The emperor is certainly naked on this one. Scientific studies of temperature changes over thousands of years, not the relatively short periods that is used in the climate change predictions of doom, show that between 8,000 – 5,000 years ago, the global average temperature was 2 C warmer than now, but then dropped 2.5 C over the next 3,000 years. So, temperatures go up and down, according to natural variation.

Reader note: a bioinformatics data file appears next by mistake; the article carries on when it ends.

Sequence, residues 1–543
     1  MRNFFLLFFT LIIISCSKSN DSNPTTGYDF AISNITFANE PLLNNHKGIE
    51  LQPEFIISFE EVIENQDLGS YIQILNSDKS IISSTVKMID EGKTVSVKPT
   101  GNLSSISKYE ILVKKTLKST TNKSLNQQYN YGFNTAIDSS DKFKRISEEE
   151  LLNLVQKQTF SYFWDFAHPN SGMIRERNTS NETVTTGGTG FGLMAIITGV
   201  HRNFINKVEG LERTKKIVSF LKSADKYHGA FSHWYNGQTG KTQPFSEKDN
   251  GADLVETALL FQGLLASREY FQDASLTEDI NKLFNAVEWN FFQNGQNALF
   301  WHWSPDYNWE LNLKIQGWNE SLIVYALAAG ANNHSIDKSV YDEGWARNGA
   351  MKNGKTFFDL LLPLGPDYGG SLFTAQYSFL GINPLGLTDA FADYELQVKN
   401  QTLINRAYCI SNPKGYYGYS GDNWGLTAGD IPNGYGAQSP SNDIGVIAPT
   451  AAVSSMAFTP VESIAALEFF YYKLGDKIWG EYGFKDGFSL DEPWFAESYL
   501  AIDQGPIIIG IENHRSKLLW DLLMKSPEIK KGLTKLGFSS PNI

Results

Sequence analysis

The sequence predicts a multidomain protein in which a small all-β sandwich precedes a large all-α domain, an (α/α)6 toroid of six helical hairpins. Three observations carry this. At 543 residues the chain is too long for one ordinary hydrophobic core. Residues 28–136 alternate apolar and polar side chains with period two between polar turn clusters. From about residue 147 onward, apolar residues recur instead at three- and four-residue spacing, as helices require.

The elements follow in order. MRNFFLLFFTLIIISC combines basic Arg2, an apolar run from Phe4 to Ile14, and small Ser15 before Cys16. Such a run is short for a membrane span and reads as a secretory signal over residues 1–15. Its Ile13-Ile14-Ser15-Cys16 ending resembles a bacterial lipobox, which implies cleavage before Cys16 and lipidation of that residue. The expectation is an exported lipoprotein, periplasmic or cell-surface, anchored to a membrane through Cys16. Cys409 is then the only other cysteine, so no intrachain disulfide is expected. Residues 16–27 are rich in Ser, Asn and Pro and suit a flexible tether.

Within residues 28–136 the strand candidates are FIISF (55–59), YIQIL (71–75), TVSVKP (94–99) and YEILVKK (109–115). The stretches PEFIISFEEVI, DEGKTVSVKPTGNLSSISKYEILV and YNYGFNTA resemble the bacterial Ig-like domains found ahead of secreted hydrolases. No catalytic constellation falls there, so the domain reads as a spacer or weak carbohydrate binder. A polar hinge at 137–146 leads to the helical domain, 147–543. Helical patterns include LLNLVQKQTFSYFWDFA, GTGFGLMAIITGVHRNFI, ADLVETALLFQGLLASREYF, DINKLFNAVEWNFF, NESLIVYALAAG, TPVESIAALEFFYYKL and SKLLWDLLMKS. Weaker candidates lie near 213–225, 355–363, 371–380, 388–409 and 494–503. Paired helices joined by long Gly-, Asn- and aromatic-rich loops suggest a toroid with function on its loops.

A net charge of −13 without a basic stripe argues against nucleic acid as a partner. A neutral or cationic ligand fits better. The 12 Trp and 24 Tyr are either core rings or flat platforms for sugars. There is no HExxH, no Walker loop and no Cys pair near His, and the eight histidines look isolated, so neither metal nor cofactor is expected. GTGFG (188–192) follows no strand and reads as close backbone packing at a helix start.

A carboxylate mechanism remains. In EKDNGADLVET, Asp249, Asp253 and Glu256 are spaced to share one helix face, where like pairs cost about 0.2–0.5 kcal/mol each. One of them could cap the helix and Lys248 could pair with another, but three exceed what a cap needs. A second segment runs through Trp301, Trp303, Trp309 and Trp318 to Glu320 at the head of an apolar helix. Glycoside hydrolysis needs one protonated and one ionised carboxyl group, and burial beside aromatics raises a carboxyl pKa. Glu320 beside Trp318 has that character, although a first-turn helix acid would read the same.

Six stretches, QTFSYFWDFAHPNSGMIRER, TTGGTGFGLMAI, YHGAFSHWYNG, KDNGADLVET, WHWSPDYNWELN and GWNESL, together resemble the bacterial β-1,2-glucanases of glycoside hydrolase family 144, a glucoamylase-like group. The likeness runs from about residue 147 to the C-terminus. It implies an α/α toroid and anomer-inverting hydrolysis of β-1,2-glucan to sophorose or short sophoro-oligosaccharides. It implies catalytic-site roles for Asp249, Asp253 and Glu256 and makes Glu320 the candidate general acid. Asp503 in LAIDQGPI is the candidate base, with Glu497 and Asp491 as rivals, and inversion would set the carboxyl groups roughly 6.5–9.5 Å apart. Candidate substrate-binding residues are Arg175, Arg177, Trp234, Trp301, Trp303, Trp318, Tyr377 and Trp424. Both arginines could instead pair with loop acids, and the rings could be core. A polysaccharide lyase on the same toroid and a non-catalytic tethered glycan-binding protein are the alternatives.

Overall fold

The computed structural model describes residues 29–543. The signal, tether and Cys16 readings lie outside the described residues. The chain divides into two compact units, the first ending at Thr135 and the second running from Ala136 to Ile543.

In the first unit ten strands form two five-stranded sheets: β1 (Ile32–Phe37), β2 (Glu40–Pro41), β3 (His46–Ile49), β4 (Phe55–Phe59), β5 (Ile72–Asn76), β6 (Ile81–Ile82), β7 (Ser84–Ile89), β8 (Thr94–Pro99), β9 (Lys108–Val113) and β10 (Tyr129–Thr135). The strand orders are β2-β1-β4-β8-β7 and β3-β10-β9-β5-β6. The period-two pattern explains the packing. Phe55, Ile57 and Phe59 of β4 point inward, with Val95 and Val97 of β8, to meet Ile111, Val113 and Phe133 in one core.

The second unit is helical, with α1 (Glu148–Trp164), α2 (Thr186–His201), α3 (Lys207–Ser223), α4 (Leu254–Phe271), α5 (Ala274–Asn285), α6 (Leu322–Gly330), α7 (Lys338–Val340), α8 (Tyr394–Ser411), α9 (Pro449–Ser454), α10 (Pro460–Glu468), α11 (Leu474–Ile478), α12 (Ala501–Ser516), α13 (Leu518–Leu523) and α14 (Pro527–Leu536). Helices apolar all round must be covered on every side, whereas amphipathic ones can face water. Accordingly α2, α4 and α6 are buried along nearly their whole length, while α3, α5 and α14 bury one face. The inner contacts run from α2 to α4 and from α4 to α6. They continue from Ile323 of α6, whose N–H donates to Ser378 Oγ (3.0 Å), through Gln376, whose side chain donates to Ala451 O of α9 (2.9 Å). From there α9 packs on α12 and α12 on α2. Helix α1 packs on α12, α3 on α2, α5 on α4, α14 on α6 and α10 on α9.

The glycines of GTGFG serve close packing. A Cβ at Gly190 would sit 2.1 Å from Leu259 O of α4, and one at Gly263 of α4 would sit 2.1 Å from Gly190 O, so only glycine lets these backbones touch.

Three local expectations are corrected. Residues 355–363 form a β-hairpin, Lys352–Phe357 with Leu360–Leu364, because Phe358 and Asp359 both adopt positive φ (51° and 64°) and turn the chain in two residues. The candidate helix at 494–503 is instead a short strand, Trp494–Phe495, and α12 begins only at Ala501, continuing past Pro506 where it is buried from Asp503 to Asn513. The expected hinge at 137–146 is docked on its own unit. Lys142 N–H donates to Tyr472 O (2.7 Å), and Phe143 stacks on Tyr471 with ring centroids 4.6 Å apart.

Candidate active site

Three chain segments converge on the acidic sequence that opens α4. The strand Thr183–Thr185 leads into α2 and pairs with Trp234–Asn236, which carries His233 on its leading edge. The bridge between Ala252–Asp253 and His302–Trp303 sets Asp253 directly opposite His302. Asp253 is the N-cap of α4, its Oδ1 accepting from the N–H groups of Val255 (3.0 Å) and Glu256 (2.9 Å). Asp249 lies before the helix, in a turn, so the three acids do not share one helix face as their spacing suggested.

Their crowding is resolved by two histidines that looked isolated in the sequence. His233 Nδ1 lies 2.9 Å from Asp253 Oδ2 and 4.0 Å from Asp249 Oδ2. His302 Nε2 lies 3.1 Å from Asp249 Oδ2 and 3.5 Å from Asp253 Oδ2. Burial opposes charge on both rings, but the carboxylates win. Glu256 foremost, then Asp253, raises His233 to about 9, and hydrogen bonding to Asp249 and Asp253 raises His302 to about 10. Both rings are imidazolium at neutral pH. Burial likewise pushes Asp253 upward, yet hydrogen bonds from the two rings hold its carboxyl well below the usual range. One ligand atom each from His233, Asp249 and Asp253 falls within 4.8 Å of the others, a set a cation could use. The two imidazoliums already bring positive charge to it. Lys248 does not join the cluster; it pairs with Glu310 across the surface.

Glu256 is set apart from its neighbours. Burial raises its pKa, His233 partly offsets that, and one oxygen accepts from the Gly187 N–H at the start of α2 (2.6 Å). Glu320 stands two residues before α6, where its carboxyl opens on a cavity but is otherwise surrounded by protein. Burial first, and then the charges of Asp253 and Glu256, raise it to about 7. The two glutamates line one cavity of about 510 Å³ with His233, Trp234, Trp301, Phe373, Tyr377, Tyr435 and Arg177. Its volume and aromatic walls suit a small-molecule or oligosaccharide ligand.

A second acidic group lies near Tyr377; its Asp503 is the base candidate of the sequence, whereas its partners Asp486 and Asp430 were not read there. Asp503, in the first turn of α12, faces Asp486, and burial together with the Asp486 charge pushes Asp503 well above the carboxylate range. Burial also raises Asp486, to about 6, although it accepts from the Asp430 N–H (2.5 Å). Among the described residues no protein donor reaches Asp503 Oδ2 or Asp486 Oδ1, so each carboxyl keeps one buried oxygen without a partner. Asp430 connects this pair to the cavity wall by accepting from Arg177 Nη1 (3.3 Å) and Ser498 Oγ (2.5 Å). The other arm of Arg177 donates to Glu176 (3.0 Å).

And, according to research by K. Skrable et al., published in Health Physics, February 2022, present day carbon dioxide produced by industrialism is only a small part of the global carbon footprint: “After 1750 and the onset of the industrial revolution, the anthropogenic fossil component and the non-fossil component in the total atmospheric CO2 concentration, C(t), began to increase. Despite the lack of knowledge of these two components, claims that all or most of the increase in C(t) since 1800 has been due to the anthropogenic fossil component have continued since they began in 1960 with “Keeling Curve: Increase in CO2 from burning fossil fuel.” Data and plots of annual anthropogenic fossil CO2 emissions and concentrations, C(t), published by the Energy Information Administration, are expanded in this paper. Additions include annual mean values in 1750 through 2018 of the 14C specific activity, concentrations of the two components, and their changes from values in 1750. The specific activity of 14C in the atmosphere gets reduced by a dilution effect when fossil CO2, which is devoid of 14C, enters the atmosphere. We have used the results of this effect to quantify the two components. All results covering the period from 1750 through 2018 are listed in a table and plotted in figures. These results negate claims that the increase in C(t) since 1800 has been dominated by the increase of the anthropogenic fossil component. We determined that in 2018, atmospheric anthropogenic fossil CO2 represented 23% of the total emissions since 1750 with the remaining 77% in the exchange reservoirs. Our results show that the percentage of the total CO2 due to the use of fossil fuels from 1750 to 2018 increased from 0% in 1750 to 12% in 2018, much too low to be the cause of global warming.”